First Zika Virus Patient in Virginia Speaks | NBC4 Washington
Zika Virus Outbreak

Zika Virus Outbreak

Coverage of the spread of the Zika virus in the Americas

First Zika Virus Patient in Virginia Speaks

Longtime missionary Heather Baker, who lives in Harrisonburg, Virginia, was diagnosed with Zika last week.

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    A Virginia mother of three has the first known case of the Zika virus in the state. The longtime missionary told News4's David Culver she has a warning for locals: "If you have a trip planned to one of these area, just postpone it." (Published Wednesday, Feb. 3, 2016)

    A Virginia mother of three has been diagnosed with the first known case of the Zika virus in the state after traveling to Guatemala on a mission trip.

    Longtime missionary Heather Baker, who lives in Harrisonburg, Virginia, was confirmed last week to have contracted the virus. She told News4 she knew something was wrong starting in late November, when she returned from a trip to Guatemala, her fourth such trip in the past year and a half.

    "It began with just a swollen lymph node, which definitely tipped me off that something was coming, and then progressed to some body aches and a really weird rash and joint pain," Baker said.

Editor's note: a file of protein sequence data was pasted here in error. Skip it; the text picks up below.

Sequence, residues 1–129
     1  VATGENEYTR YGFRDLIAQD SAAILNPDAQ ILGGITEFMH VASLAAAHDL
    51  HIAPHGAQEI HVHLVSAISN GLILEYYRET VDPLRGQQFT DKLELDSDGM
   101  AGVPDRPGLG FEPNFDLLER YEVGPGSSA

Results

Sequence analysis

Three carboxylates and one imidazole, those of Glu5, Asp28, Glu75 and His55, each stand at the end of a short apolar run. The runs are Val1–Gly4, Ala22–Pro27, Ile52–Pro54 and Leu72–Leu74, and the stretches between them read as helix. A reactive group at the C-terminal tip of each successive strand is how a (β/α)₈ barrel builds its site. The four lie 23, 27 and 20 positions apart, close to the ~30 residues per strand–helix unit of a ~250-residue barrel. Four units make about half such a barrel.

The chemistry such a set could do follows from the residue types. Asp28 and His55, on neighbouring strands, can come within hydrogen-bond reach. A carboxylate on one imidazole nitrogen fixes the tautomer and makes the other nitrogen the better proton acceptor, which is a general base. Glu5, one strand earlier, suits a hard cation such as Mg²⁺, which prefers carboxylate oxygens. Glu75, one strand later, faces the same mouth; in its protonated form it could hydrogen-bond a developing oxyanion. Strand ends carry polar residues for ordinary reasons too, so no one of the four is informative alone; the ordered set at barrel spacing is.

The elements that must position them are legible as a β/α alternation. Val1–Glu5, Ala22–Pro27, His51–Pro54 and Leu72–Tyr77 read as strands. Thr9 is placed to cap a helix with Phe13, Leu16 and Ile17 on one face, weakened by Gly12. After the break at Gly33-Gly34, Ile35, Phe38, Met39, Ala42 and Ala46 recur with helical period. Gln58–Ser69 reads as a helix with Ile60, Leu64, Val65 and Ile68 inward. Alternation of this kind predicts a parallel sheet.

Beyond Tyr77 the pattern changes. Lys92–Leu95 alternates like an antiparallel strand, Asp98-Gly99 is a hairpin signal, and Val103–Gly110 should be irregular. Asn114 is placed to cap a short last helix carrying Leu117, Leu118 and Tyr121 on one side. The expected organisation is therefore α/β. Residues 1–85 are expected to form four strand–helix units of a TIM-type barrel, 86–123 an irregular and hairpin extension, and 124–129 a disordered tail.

She initially was tested for another illness, but those results came back negative. After talking with friends in Guatemala, she decided to get tested for Zika. State Department of Health officials told her last week she has the virus.

    Global Health Officials Scramble to Fight Zika VirusGlobal Health Officials Scramble to Fight Zika Virus

    Zika is transmitted from infected mosquitoes to people, from infected pregnant mothers to babies and possibly through sexual activity, according to ongoing research. Babies born to mothers with the virus can have microcephaly, a condition associated with small, undeveloped brains.

    Although Zika is not airborne or easily spread, Baker said she's being extra cautious. She said she stopped sharing drinks or food with her children, and canceled a massage and nail salon appointments.

    "We're just being very careful because there are so many unknowns," she said.

    Baker advised women who are pregnant or hope to get pregnant to avoid travel to affected regions, echoing experts' advice.

    "If you have a trip planned to one of these area, just postpone it," she said. "Find something to do local."

    The Centers for Disease Control plans to release guidance soon on how to prevent sexual transmission of Zika.

    "We have to have a healthy respect for this virus, but I don't think we have to be unduly alarmed just yet," Georgetown University infectious disease expert Paul Rope said.

    Baker likely contracted Zika in Central America, but she said when she is fully recovered, she plans to return there to continue her missionary work.

    What to Know: Zika Virus Spreads in AmericasWhat to Know: Zika Virus Spreads in AmericasThe spreading of the Zika virus has caused worldwide concern. Health officials think Zika might be connected to the rise in birth defects in the Americas, though it has not yet been proven. WHO has declared the crisis a global emergency. (Published Tuesday, Feb. 2, 2016)